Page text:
Which with “has a trace of individuality in an environment that rewards conformity” means the person will suffer all of the above penalties, and yes, probably be stressed and indulge in violent pastimes probably vicariously.
Does this mean they are about to snap and become mass murderers? Well, I will tell you that treating them as suspect, punishing them and enforcing MORE conformity will cause a certain number of them to go off the deep end, even if suicide is more common than mass murder.
But the numbers of both are vanishingly small given the circumstances. What circumstances?
Well, let’s start with how school classes are formed: grab all kids of an age and an area, and throw them in a class willy nilly, regardless of temperament, intelligence or even relative learning at that age.
Continue with how classes are run: a friend told me — when I was puzzled by how teachers treated my kids in elementary — that the purpose of elementary isn’t really to teach. It’s to get all the kids at the same level. Sure, the most unprepared kids are going to be taught enough to be at “fifth grade level” by the end of elementary. BUT the most prepared kids are going to be bullied into “unlearning” what they know, so they too are at that level. (This explained their insisting my younger kid “guess” words, and force him to sometime guess them wrong “otherwise you’re sounding them out.” and causing me to have to battle THAT at home. They didn’t fully succeed, but they did stop him reading quickly and easily and give him a “thing” about reading. He’s mostly over it, but sometimes still “guesses” particularly street signs and comes up with the most bizarre street names.)
It’s the same with non-educational stuff. If I had a dime for every time a teacher told us “he has to learn to play the game” which meant “he has to conform to our arbitrary rules, even when they are counterproductive” I wouldn’t need to work a day in my life. (And frankly I got to the point where it was hard NOT to commit mass murder when I heard that sentence.)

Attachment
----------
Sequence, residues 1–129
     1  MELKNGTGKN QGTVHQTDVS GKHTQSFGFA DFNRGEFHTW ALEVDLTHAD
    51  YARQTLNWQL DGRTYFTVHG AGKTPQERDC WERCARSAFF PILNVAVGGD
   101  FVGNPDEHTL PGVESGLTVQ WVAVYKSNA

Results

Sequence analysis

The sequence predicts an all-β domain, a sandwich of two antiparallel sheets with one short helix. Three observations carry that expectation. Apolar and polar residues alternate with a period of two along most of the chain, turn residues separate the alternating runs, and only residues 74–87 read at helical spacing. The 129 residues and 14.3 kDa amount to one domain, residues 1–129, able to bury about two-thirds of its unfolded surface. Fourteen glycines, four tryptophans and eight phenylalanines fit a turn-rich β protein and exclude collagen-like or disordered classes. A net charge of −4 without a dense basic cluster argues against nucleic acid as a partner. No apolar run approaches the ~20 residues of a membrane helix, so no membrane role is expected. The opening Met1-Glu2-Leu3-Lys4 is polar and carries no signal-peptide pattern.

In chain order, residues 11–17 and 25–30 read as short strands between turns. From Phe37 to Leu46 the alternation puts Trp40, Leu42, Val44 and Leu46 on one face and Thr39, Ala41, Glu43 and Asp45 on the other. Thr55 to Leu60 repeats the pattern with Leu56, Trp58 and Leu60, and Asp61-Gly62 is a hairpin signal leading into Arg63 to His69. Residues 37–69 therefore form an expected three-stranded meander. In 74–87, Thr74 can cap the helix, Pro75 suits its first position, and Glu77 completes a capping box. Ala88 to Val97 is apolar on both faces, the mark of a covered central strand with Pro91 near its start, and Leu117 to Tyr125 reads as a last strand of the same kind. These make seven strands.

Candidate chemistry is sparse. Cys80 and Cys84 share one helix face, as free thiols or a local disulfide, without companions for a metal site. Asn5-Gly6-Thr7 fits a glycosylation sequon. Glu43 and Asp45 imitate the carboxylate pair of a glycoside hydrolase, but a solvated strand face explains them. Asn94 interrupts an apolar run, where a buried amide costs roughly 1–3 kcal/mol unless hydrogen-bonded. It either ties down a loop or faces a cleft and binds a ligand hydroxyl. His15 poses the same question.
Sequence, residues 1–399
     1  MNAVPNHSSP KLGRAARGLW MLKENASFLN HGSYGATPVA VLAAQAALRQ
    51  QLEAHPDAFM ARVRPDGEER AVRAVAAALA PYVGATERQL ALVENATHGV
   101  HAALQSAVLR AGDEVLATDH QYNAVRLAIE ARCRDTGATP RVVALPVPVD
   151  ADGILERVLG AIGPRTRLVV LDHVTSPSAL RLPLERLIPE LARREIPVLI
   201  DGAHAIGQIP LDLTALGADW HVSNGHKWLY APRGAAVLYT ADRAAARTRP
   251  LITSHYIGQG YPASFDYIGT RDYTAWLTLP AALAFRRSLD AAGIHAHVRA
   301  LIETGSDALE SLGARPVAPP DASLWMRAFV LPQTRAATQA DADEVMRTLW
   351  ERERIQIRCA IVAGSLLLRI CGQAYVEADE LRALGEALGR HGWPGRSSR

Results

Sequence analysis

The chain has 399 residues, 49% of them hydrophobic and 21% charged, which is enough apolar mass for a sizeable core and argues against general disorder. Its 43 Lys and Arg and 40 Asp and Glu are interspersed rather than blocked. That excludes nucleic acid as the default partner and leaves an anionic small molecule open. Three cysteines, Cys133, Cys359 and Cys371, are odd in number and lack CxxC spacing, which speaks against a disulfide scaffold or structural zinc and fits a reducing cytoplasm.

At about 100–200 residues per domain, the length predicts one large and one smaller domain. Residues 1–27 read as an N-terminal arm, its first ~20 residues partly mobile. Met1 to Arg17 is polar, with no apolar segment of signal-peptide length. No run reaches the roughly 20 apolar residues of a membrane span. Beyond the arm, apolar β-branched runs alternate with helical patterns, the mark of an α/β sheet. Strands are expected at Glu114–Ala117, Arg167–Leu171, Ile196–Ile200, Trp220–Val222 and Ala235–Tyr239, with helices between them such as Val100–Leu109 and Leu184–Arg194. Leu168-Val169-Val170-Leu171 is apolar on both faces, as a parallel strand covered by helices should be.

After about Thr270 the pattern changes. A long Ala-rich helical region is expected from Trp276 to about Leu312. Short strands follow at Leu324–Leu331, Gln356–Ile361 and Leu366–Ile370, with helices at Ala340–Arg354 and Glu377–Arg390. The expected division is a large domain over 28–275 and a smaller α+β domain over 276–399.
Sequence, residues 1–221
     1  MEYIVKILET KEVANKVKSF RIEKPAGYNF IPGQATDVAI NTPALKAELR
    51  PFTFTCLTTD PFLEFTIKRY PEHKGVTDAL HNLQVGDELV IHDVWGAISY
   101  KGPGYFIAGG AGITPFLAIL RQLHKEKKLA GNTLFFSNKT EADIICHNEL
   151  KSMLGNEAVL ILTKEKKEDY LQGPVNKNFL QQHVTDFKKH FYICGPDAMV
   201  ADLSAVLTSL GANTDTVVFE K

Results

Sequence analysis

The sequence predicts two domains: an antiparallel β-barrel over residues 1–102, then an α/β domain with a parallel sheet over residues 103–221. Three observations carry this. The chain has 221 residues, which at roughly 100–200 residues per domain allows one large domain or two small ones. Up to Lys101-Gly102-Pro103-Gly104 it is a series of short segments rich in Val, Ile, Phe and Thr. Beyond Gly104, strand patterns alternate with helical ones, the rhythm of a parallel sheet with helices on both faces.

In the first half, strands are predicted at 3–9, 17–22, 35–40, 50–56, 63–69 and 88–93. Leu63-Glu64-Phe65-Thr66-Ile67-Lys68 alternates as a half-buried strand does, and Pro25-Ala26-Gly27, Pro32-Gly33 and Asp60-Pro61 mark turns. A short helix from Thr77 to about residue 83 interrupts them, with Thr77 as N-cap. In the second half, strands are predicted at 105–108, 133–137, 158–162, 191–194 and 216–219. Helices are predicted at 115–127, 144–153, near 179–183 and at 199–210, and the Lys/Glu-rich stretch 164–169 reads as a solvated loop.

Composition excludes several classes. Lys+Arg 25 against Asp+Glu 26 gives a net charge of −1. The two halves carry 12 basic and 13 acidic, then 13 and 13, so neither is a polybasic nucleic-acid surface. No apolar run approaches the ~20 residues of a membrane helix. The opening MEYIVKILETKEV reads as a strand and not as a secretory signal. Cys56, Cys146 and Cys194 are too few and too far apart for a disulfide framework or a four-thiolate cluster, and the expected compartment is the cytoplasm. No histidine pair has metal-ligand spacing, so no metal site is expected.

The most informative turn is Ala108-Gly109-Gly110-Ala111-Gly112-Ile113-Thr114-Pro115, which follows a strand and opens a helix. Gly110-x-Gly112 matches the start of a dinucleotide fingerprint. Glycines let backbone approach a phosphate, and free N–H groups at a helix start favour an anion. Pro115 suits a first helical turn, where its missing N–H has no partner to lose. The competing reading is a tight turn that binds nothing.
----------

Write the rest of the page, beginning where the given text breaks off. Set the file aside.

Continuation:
Pity the poor kids whose IQ is north of 130 and really pity those that the testers say “We can’t give you a number, we can only estimate. He hit his head on the ceiling of every test.”
The way their minds work means they CAN’T fit in. They are in the same boat as every other minority/kid with visible issues. My best friend in middle school had crossed eyes. She eventually had surgery, but it was fairly rare at that time. In addition, she was also very high IQ and loved math. She was also tiny. This is when I developed a new hobby “Beat up on physically abusive bullies.” This in turn led to my ending up with a lot of tiny and odd friends. It was okay.
Then there’s the “material” they’re teaching you. Heaven helps the child who learns fast, because most learning in schools these days are set at tortoise crawl. And a lot of the learning is indoctrination or button counting for morons.
Any halfway smart child will go out of his or her mind with boredom. I learned to read other books under the desk, but my kids found that these books tended to get confiscated, because schools here/30 years later are even crazier than my schools were.